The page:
How I Navigate Diet Culture - Tara Richardson

It is difficult not to get sucked into the vortex of “healthy eating” when others around you are obsessed with it. However, it is absolutely possible to avoid such a vortex.

Recently, on my way to work, I felt like having a donut. I thought I was doing a nice thing by buying a dozen so my office mates could enjoy a treat too.

I was wrong.

Four out of seven of my co-workers claimed that they “couldn’t” or “shouldn’t” have one; that they were trying to eat "healthy" or “be good”.

I get that not everyone is able or wants to eat donuts. Maybe they were going to have a different treat- whatever, no big deal.

But then the time came for me to sit down to eat my donut. Alone.

I have been in recovery from my eating disorder for a long time, yet I found myself questioning if I too should be “healthy” and not eat the donut. But I really wanted this treat.

I was able to convince myself that this donut was “allowed” and that I can eat whatever I want, but I worry because it's not easy to overcome the pressure of so-called “healthy eating”.

Being healthy is not dieting. It's not depriving yourself of foods that you enjoy or desire. It's not conforming to societal expectations of what your body should look like. Simply put, that’s torture.

 

Here are some tips I keep in mind when others around me are dieting:

 

  • If you feel comfortable, tell your co-workers, friends, or family how harmful the diet talk can be.

  • If you're feeling distressed because you’re eating a so-called "unhealthy" food, reframe the situation and find ways to enjoy and appreciate the food.

  • Think about the consequences of trying to fit in and be “healthy”. Those of us who have struggled with eating disorders are more likely to be led down a slippery slope- sometimes with no return in sight.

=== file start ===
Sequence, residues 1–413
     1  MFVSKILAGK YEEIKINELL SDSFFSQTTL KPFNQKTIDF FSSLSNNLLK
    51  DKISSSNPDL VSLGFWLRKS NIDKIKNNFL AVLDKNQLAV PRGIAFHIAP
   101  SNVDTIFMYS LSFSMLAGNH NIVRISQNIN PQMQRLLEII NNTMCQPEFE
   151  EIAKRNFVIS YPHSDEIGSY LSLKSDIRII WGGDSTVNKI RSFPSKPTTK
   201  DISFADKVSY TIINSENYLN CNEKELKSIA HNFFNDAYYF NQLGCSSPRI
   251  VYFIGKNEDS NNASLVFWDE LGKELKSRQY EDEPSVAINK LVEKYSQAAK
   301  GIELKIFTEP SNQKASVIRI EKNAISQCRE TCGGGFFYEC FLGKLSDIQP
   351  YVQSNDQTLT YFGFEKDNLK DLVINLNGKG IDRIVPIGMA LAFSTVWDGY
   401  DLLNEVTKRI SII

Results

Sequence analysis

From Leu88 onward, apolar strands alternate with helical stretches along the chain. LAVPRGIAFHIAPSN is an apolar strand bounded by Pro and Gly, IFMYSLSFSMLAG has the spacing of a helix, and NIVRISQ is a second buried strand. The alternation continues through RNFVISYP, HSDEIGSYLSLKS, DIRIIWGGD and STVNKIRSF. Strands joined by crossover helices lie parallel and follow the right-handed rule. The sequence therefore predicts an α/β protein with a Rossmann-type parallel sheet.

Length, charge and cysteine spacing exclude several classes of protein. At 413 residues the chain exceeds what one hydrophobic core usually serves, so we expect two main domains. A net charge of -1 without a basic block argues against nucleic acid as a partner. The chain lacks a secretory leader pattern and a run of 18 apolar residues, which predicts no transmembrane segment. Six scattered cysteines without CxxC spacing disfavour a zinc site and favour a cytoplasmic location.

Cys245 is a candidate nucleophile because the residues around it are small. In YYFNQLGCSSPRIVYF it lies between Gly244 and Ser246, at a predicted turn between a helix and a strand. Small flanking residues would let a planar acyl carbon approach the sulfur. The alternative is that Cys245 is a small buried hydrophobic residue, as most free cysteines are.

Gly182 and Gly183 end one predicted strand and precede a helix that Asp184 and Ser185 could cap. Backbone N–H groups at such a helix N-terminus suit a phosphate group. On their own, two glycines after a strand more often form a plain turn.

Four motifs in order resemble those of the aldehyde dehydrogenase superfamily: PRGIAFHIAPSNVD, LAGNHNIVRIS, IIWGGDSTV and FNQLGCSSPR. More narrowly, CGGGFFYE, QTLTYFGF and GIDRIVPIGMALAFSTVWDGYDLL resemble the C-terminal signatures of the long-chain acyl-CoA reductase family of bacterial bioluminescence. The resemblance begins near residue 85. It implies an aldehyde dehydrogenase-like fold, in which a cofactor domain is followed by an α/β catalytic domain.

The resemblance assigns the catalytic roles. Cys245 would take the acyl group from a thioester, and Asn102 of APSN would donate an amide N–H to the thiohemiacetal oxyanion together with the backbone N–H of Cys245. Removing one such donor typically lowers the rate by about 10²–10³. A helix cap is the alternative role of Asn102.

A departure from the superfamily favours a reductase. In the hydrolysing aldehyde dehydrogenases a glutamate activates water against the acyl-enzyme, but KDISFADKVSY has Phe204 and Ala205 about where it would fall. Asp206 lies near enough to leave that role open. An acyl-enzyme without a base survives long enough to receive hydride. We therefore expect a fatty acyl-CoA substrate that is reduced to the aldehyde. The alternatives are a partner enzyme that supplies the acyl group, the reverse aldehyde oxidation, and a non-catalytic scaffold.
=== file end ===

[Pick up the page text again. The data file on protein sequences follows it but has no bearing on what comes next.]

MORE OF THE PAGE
• Remind yourself of the important things in your life that you value more than having an eating disorder.

  • Stop comparing the size of your meal to others and focus on what you need and want.

  • Make lunch fun. Jump in with a fun topic of discussion right away to set the tone for the meal.

 

Don’t sabotage yourself by interpreting your peers’ lifestyles as the only acceptable lifestyle… There is more to life than dieting!

 

Tara Richardson

 


 Tara Richardson has a BA in Psychology, is a graduate of the Certificate of Applied Positive Psychology (CAPP) program, and is a registered Social Service Worker. Tara works as a Peer Support Provider at St. Joseph's Healthcare in Hamilton. She previously worked in peer support for 6 years at Ontario Shores Centre for Mental Health Sciences in Whitby. Tara is an advocate for mental health recovery and is passionate about helping people thrive after mental illness. She is an avid writer and contributes to various blogs and articles on topics pertaining to mental health and self-help. Tara is in the process of writing a self-help book on well-being, and a memoir chronicling her hardships and triumphs throughout her recovery.

Tara Richardson has a BA in Psychology, is a graduate of the Certificate of Applied Positive Psychology (CAPP) program, and is a registered Social Service Worker. Tara works as a Peer Support Provider at St. Joseph's Healthcare in Hamilton. She previously worked in peer support for 6 years at Ontario Shores Centre for Mental Health Sciences in Whitby. Tara is an advocate for mental health recovery and is passionate about helping people thrive after mental illness. She is an avid writer and contributes to various blogs and articles on topics pertaining to mental health and self-help. Tara is in the process of writing a self-help book on well-being, and a memoir chronicling her hardships and triumphs throughout her recovery.